Those are among the siren calls of ocean and river cruises for 2017 that are expected to attract more than 25 million to set sail, an increase of more than a million from last year. Cruise companies such as Norwegian Cruise Line, Princess Cruises and Celebrity Cruises seem to have found a winning sales formula that goes something like this: Sweeten the pot with value-added itemsf such as free drinks, free Wi-Fi or an on-board spending credit and more people will book. Look for frequent promotions like these, but be aware they may be offered for only a limited time, said Mike Driscoll, the editor of Cruise Week, an industry publication. At-sea cooking classes are all the rage, and Holland America Line has jumped into the mix in collaboration with the public TV show "America's Test Kitchen." A replica of the show's set is already on the Westerdam, cruising this winter from San Diego to Mexico, and it's coming to the rest of the line by July.
Three cruise lines recently rolled out their plans to sail to Baja as well as resort towns on the Mexican Riviera. The Royal Princess will make its debut on the Mexico circuit with seven-night cruises from Los Angeles to the Mexican Riviera starting in 2018, Princess Cruises announced last week. Port stops include Puerto Vallarta, Mazatlan and Cabo San Lucas. Port stops include La Paz, Loreto, Puerto Vallarta with an overnight stay in Cabo San Lucas. Holland America plans to bring a second Vista class cruise ship to Mexico, according to a news release.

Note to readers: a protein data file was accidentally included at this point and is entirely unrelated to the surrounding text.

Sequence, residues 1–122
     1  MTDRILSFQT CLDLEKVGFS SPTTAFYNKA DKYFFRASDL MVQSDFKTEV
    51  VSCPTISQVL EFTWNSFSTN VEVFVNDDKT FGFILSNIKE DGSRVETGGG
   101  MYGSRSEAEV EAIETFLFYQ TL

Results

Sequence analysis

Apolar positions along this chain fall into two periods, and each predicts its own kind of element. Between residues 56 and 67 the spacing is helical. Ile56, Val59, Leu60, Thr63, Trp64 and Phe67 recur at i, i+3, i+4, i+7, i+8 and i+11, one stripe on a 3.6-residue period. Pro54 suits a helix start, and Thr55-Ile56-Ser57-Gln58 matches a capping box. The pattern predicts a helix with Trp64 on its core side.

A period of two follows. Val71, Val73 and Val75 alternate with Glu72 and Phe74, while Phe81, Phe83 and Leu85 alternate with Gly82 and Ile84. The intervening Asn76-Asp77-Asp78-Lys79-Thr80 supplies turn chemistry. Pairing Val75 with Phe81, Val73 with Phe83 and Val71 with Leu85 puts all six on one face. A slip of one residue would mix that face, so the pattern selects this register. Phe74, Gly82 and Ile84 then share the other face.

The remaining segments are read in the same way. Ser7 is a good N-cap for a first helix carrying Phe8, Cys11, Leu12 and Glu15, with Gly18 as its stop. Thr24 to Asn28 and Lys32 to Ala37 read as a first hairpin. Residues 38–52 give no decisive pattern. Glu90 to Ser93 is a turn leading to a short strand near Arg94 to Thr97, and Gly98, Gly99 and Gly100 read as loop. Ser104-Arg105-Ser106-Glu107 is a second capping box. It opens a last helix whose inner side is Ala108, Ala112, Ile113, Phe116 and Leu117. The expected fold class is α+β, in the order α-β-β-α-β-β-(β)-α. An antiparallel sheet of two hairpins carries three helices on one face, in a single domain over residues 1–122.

New ships, new destinations, unusual activities and some extraordinary bargains are part of the cruising buzz for summer and fall. New thrill attractions: Thrills have become a cruise ship staple, and on the world's newest, largest ship, Royal Caribbean's 5,500-passenger Harmony of the Seas, the rush comes courtesy of the Ultimate Abyss. Beginning later this month, daring riders can zoom on mats from the top of the ship to the Boardwalk neighborhood about 100 feet below. Posh gets posher: Regent Seven Seas Cruises is billing its 750-passenger Seven Seas Explorer, launching in July, as the "world's most luxurious cruise ship." The top digs are a 3,785-square-foot suite, with a first-at-sea private spa (serviced by the ship's Canyon Ranch SpaClub) and a price tag of 5,000 per person per night, based on double occupancy.
Tahiti, the home of blue lagoons, misty green mountains and golden sunsets, has scored a win as one of the world's most popular cruise ports. The French Polynesian island, along with Amsterdam and Cozumel, Mexico, was among the top three destinations in a survey by CruiseCompete, an online travel company. Tahiti is part of the Society Islands, which include Bora-Bora, Moorea and scores of other islands and atolls spread out across the South Pacific. The island's capital, Papeete, is an eight-hour flight from Los Angeles, making interisland cruising aboard the ship Paul Gauguin easier to access than some dream destinations that are more distant. Tahiti and its islands are increasingly being added to itineraries of cruise lines sailing out of U.S. ports, including Princess, Crystal, Celebrity and Holland America.